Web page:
For thousands of families from Metro Manila, Calabarzon to Central Luzon, Ilocos region and up to the Cordillera Administrative Region, many may be familiar with the Biblical Noah’s Ark story.
But millions more have or are getting an experience of what it is.
To meteorologists at the Philippine Atmospheric, Geophysical and Astronomical Services Administration (Pagasa), the government’s weather agency, this is all part of climate change where a phenomenal rainfall volume in 2009’s Typhoon Ondoy (international code name Ketsana) was dropped in just one day.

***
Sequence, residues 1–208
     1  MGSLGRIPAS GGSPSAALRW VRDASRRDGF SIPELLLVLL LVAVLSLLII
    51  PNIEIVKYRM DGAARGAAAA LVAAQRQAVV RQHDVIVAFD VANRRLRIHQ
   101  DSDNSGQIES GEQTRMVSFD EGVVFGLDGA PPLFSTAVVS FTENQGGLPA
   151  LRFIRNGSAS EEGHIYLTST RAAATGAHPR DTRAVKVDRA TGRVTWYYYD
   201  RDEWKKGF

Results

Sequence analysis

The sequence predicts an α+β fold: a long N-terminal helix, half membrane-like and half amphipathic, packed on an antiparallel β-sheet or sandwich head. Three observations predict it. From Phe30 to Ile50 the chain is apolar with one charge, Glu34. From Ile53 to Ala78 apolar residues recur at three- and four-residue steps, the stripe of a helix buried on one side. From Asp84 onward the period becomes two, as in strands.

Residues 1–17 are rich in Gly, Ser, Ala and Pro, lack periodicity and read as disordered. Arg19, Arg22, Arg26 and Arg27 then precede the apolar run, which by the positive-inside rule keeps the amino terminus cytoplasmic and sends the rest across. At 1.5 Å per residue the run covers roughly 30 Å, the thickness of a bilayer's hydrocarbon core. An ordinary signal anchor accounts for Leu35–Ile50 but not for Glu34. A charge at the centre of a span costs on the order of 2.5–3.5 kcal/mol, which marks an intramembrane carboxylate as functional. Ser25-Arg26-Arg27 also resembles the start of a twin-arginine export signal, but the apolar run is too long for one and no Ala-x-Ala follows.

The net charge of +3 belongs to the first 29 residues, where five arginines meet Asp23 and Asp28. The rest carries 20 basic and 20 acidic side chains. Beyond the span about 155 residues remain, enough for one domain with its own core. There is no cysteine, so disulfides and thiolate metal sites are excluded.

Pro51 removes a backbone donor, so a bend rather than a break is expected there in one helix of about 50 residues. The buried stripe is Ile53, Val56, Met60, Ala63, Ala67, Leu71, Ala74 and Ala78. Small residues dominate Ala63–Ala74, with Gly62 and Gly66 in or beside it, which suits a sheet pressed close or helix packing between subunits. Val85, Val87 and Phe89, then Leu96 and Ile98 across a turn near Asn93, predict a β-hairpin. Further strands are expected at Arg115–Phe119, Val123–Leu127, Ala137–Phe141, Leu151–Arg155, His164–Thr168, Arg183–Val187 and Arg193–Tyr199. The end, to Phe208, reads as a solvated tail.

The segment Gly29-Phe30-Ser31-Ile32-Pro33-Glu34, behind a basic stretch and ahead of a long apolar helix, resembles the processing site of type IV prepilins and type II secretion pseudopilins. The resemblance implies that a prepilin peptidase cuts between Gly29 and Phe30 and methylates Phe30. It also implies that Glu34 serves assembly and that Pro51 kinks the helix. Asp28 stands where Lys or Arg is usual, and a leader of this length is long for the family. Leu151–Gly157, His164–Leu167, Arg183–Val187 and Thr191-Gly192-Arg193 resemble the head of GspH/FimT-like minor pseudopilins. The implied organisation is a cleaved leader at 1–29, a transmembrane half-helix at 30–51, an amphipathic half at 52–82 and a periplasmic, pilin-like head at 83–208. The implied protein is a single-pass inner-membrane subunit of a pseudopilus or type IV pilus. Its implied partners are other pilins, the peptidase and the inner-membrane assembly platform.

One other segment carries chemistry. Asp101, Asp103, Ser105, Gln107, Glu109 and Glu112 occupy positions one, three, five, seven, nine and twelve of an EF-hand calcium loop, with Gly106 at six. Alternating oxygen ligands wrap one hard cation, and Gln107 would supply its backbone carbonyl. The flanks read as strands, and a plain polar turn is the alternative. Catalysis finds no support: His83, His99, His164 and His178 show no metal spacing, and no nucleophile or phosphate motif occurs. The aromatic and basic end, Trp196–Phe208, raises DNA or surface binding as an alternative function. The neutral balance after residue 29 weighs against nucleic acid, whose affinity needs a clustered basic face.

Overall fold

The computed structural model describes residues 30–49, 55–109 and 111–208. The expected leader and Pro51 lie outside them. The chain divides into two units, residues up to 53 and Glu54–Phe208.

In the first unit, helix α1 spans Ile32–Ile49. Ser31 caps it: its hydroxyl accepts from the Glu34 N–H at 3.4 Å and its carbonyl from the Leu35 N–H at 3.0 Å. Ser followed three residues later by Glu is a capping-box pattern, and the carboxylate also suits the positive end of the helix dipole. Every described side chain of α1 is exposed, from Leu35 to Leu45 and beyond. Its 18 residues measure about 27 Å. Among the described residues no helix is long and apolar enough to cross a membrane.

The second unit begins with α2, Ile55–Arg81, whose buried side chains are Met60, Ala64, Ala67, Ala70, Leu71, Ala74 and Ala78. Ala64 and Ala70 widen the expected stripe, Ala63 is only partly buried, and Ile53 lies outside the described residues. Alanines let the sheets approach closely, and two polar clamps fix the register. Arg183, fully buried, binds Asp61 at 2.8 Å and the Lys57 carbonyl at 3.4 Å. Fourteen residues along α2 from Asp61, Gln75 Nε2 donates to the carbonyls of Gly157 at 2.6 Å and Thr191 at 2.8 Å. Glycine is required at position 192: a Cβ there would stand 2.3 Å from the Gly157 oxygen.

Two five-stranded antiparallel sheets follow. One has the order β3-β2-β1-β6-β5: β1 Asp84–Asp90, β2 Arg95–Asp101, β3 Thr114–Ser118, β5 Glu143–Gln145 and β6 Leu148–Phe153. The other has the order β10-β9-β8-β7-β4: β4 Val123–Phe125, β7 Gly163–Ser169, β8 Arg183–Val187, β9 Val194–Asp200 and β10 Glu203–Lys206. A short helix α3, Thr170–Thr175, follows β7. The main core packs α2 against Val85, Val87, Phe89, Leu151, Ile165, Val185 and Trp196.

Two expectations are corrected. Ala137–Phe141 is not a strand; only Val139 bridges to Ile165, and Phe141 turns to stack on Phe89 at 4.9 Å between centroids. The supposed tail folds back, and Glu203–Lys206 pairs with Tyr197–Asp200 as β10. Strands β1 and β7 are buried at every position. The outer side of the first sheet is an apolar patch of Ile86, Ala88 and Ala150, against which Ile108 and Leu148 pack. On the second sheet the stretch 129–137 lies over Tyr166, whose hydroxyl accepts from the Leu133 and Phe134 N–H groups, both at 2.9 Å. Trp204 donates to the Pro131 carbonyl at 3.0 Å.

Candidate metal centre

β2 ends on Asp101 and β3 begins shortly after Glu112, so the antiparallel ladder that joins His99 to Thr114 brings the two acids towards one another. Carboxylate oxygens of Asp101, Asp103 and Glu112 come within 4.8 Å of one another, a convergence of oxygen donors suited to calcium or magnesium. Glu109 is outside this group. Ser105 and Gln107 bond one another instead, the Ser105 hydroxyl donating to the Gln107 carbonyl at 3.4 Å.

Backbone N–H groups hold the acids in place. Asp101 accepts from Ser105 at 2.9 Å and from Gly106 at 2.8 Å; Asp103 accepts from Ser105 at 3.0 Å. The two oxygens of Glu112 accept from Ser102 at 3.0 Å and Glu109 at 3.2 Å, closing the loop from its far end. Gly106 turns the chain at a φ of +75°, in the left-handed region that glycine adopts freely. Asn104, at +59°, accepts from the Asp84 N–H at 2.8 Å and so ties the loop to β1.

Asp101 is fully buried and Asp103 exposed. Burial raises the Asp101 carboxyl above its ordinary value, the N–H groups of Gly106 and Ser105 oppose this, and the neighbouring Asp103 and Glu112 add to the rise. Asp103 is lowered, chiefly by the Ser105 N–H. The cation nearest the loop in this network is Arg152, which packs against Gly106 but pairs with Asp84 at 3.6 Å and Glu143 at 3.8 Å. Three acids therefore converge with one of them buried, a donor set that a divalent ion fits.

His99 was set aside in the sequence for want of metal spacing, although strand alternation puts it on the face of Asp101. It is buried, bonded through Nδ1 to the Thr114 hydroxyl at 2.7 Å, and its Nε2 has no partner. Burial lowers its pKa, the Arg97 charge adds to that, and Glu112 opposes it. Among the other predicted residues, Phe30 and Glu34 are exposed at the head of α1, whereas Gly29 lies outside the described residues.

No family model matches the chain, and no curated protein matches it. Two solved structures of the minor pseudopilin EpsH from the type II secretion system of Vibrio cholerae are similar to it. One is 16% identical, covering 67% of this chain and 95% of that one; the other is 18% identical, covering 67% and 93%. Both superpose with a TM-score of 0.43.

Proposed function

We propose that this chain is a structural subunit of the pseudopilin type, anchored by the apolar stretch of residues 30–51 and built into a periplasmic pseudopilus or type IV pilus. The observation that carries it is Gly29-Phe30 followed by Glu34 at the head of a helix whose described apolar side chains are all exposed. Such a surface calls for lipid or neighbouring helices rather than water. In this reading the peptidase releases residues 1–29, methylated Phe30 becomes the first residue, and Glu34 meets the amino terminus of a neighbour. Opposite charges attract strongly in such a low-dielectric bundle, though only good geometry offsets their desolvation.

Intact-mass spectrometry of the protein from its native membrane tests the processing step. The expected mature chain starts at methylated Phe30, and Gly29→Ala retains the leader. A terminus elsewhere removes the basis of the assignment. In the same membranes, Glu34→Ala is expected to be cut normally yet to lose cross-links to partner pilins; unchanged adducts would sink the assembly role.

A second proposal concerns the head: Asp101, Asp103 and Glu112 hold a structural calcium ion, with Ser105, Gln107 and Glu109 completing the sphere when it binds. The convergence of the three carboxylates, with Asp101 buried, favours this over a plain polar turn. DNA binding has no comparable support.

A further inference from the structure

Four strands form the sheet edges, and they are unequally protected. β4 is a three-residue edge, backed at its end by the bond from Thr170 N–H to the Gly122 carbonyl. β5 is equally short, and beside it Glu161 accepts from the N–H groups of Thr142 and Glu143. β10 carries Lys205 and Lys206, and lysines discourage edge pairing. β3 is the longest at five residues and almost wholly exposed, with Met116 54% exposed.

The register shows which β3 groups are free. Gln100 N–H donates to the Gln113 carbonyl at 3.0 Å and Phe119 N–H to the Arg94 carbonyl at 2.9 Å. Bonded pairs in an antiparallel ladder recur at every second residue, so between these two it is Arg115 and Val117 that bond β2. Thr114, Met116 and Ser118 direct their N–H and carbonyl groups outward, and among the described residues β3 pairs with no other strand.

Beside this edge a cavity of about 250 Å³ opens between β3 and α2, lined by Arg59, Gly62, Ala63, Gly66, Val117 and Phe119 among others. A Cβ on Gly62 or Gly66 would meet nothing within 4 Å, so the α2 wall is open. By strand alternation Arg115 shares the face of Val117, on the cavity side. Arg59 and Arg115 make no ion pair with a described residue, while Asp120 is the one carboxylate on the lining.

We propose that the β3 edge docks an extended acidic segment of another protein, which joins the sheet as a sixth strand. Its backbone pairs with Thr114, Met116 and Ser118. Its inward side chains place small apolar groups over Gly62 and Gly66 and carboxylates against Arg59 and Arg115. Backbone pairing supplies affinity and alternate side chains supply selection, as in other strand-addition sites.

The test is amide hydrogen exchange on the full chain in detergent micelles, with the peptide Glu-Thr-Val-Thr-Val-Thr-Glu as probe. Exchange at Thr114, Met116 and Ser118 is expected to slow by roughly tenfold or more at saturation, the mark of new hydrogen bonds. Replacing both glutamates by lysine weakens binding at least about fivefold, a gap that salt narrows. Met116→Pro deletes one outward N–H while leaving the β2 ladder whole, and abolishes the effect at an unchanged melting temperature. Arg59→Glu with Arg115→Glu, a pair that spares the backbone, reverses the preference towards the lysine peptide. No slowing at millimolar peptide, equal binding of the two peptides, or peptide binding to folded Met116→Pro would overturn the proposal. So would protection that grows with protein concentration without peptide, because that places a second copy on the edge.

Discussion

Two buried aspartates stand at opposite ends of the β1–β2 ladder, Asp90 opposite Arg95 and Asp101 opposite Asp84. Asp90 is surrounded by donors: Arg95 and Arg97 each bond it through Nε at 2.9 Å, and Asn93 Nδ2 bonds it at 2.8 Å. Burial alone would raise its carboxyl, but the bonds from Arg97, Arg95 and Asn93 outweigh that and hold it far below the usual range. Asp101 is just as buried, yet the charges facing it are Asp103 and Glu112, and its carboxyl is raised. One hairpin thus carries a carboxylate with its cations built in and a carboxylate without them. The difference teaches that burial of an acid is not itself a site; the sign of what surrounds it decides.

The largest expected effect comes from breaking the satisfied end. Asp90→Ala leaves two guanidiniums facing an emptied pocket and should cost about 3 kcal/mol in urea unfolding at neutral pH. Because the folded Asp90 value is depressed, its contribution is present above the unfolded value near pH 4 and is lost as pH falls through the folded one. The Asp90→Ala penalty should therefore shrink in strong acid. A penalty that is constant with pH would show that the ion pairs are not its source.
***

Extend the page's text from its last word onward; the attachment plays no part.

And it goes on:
To environmentalists, the floods are worsening because the people have destroyed nature’s first defense against it—the trees.
“If you have trees within and around communities, you will not worry too much about flooding as those who have treeless areas,” ecologists at the Norwegian University of Life Sciences (NULS) and the Center for International Forestry Research (Cifor) would say.